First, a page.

Shouting, yelling, and arguing is everywhere. It permeates what we read and write. Sometimes I think it is the primary purpose of social media.
22 But the fruit of the Spirit is love, joy, peace, patience, kindness, goodness, faithfulness, 23 gentleness, self-control; against such things there is no law.
Galatians 5:22-23 (ESV)
4 Look at the ships also: though they are so large and are driven by strong winds, they are guided by a very small rudder wherever the will of the pilot directs. 5 So also the tongue is a small member, yet it boasts of great things.
How great a forest is set ablaze by such a small fire! 6 And the tongue is a fire, a world of unrighteousness. The tongue is set among our members, staining the whole body, setting on fire the entire course of life, and set on fire by hell.
James 3:4–6 (ESV)
19 Know this, my beloved brothers: let every person be quick to hear, slow to speak, slow to anger; 20 for the anger of man does not produce the righteousness of God
James 1:19–20 (ESV)
Disagreement is nothing new. People have always disagreed. We disagree with people who are similar and people who are different. We disagree with those near us as well as those who are far away. We should not be surprised nor indignant every time we meet with disagreement. Conflict is inevitable. How, then are we to understand conflict? Is it unChristian? We know we will disagree on a wide variety of issues with those who are not Christ-followers, but what about believers? Can we disagree? If so, on what and how? These are questions for consideration, but I am want to address something other than the subject over which we disagree. How are we to behave when we disagree? This is somewhat of a rhetorical question because we know we should behave well, but most of use find it challenging to do so.
As Christians, our behavior should always reflect Christ. To be Christlike is to be transformed. We operate out of the presence of the Holy Spirit. His word reminds us to grow into spiritual maturity. We are to have His attitude. We are all entitled to an opinion, but not to our anger and contempt. How many things warrant the level of animosity common in current culture. Where does outrage get us anyway? Is it a productive mechanism for discourse and change? I think we know we understand this principle, but often indignation is our first response. We are to become spiritually mature and skilled in our ability to carry out kind, coherent discussion about controversial subjects. It is not an opportunity to do damage with our words.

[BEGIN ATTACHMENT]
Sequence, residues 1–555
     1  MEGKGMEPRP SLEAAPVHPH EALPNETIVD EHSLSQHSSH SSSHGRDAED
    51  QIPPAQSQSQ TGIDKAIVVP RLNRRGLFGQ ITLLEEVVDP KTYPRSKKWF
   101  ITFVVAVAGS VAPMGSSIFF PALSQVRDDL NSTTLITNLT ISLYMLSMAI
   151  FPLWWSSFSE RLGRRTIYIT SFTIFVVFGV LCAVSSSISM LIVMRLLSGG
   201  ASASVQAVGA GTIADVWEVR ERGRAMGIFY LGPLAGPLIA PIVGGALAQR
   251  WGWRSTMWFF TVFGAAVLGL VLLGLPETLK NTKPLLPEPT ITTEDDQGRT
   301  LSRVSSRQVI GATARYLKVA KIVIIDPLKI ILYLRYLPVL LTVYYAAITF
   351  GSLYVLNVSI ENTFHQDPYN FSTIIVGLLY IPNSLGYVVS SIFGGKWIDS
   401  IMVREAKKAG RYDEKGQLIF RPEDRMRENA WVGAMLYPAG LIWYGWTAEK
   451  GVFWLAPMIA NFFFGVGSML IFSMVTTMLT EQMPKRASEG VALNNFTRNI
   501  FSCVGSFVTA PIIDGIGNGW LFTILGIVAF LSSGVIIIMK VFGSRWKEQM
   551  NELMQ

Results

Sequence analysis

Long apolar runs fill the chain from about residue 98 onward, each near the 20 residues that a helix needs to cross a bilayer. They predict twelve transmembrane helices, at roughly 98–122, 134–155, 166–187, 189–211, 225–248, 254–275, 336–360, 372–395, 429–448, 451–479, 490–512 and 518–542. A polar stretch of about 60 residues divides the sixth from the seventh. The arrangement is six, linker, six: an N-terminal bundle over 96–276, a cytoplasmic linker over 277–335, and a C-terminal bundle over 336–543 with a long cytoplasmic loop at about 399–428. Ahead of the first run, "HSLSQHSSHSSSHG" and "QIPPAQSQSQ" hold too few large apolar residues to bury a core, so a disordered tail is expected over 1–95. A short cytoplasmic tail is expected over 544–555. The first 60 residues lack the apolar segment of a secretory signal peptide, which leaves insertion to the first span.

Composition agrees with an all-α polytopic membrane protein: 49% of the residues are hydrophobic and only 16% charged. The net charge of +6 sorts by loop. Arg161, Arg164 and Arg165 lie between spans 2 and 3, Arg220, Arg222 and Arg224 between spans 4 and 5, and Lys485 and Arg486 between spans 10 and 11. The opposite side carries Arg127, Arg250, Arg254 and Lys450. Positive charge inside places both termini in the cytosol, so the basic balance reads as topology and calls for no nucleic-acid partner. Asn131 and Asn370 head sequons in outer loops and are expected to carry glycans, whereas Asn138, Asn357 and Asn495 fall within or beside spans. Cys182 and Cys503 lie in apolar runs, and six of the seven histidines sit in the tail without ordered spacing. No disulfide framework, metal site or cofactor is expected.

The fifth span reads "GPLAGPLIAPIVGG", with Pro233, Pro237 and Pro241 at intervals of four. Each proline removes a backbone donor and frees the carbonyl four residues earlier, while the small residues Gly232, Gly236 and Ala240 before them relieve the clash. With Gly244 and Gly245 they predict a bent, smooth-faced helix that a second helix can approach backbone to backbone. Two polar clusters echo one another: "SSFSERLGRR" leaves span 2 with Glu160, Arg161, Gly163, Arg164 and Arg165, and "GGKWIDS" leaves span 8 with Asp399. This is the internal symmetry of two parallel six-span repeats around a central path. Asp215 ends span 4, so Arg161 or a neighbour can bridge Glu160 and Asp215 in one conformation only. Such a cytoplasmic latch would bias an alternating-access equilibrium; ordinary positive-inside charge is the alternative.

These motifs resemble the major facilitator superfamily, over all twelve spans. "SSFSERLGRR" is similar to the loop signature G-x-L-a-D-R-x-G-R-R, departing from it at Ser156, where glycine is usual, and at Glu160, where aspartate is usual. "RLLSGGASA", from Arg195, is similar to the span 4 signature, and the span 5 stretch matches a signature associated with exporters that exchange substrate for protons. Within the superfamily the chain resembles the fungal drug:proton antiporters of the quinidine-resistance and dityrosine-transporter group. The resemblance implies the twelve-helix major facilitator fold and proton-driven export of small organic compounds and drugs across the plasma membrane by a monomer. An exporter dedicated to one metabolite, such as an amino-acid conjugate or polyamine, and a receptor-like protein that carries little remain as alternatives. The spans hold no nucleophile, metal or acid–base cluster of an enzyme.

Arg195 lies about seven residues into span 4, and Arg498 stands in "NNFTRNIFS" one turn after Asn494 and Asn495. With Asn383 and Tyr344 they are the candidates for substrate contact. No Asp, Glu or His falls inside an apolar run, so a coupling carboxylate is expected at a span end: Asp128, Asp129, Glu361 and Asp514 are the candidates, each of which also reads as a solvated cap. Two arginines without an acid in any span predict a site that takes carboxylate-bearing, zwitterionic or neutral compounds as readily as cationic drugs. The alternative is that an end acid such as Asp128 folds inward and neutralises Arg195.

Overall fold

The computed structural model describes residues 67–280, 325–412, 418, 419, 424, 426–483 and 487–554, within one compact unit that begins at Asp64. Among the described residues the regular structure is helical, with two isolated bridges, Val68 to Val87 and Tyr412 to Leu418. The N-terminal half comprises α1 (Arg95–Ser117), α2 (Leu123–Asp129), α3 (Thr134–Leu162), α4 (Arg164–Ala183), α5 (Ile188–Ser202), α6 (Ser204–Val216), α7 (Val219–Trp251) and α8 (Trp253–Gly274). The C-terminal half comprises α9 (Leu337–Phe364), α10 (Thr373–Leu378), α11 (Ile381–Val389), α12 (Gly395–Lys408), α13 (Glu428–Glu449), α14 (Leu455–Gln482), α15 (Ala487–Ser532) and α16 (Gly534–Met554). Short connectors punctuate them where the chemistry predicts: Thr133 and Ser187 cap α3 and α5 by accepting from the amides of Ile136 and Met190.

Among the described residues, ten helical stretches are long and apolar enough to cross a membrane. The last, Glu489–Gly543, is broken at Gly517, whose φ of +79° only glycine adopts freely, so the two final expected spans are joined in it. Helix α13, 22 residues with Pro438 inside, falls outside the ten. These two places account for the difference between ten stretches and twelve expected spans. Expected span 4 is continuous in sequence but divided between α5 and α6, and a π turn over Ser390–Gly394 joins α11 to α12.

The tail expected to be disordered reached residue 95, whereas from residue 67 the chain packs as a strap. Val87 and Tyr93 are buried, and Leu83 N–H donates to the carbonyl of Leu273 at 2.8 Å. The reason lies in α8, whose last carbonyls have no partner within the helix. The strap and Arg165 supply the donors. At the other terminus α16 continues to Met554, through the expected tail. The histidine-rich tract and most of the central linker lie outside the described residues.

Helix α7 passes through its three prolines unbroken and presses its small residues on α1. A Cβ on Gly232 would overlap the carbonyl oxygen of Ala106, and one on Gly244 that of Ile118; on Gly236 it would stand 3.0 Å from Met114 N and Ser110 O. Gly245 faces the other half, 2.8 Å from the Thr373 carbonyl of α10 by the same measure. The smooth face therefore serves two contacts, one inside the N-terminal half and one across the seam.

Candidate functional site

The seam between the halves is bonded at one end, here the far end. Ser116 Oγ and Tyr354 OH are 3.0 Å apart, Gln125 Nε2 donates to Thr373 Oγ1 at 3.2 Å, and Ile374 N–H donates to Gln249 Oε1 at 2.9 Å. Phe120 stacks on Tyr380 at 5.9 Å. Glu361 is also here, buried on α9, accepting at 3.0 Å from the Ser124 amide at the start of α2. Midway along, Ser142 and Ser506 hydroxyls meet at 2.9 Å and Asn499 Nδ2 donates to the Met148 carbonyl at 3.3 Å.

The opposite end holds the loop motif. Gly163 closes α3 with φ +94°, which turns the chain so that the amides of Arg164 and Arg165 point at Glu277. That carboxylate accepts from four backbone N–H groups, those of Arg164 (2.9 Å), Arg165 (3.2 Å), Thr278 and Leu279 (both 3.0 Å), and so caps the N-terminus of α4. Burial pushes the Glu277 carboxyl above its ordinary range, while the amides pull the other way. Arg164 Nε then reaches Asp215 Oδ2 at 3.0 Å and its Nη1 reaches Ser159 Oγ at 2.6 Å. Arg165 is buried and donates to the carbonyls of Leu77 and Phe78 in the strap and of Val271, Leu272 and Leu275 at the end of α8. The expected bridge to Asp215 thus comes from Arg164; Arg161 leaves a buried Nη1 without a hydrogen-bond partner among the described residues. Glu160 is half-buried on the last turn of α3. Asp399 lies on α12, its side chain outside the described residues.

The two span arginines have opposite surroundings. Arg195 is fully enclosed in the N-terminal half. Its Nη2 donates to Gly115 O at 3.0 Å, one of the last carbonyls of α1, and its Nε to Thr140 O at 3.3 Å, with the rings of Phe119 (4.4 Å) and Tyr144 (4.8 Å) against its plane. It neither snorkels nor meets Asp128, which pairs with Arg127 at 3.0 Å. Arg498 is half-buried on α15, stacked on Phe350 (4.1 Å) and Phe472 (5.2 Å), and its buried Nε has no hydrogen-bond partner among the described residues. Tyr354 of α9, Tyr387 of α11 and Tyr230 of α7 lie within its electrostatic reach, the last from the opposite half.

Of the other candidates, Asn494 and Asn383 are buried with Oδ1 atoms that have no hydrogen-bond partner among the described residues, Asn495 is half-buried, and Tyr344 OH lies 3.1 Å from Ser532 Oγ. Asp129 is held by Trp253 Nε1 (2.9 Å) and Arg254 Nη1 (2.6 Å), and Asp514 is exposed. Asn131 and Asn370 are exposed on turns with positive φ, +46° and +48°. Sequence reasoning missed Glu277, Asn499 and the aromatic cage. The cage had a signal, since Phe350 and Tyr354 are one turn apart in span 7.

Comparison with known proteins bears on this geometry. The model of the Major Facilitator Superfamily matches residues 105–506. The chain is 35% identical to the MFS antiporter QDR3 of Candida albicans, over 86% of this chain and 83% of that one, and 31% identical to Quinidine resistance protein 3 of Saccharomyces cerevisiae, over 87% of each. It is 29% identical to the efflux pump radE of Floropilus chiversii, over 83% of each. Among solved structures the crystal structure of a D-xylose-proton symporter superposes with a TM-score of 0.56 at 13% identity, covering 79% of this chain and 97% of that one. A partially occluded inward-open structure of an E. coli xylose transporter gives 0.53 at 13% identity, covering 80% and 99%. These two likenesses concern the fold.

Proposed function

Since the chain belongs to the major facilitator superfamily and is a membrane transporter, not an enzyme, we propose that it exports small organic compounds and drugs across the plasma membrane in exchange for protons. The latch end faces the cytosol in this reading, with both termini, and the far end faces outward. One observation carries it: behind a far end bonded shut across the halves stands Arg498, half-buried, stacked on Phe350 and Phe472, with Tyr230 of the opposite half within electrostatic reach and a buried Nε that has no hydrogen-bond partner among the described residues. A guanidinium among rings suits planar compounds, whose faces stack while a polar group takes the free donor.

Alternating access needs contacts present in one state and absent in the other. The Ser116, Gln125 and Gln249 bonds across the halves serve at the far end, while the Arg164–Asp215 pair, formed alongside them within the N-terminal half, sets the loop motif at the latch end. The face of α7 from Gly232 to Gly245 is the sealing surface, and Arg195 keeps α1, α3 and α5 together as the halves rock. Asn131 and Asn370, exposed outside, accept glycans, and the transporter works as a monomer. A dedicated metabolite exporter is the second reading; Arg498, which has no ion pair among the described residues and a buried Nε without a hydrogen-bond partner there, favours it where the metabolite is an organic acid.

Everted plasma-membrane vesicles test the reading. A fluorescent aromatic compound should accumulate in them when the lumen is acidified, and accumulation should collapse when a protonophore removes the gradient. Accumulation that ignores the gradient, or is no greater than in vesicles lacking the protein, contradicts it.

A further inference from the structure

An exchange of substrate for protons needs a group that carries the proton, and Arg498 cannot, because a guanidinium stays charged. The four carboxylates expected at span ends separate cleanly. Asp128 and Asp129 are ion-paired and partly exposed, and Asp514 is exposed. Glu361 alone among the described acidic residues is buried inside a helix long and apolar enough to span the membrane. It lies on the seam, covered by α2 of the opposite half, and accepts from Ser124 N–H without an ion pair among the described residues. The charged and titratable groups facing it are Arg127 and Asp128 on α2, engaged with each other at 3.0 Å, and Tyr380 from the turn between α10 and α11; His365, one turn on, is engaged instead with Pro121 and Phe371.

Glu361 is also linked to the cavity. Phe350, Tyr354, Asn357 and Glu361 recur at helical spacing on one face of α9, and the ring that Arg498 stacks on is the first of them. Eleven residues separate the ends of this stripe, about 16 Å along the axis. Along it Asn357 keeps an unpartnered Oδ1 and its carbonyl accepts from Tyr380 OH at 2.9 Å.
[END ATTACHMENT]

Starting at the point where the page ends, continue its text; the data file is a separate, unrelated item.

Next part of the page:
1 If, then, there is any encouragement in Christ, if any consolation of love, if any fellowship with the Spirit, if any affection and mercy, 2 make my joy complete by thinking the same way, having the same love, united in spirit, intent on one purpose. 3 Do nothing out of selfish ambition or conceit, but in humility consider others as more important than yourselves. 4 Everyone should look not to his own interests, but rather to the interests of others.
Philippians 2:1–4 (CSB)
What we all need is a little kindness. We are lost, brokenhearted, and hurting. We are trying to find a way forward. A little kindness will help us carry each other’s load. This becomes difficult when we are in conflict with others. The conflict precipitates animosity, but isn’t it the absence of kindness that has made our present public and private discourse so damaging. We are all human and we share a common experience. We all are searching for peace, contentment, and human flourishing. We want life to be different and we are struggling. A little kindness could go a long way right now.
How about you? Do you need to repent of a bad attitude? Do you need to take a break from social media until you can separate your emotions from the controversies? Do you need to unfollow some group or person? The Holy Spirit will produce kindness in you if you will let Him.